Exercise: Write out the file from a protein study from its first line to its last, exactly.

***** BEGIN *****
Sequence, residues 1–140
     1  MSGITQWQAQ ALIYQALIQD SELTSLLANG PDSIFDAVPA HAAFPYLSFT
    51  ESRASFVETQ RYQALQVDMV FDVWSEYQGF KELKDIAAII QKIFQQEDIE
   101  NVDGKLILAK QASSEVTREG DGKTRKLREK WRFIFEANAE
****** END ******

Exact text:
Sequence, residues 1–140
     1  MSGITQWQAQ ALIYQALIQD SELTSLLANG PDSIFDAVPA HAAFPYLSFT
    51  ESRASFVETQ RYQALQVDMV FDVWSEYQGF KELKDIAAII QKIFQQEDIE
   101  NVDGKLILAK QASSEVTREG DGKTRKLREK WRFIFEANAE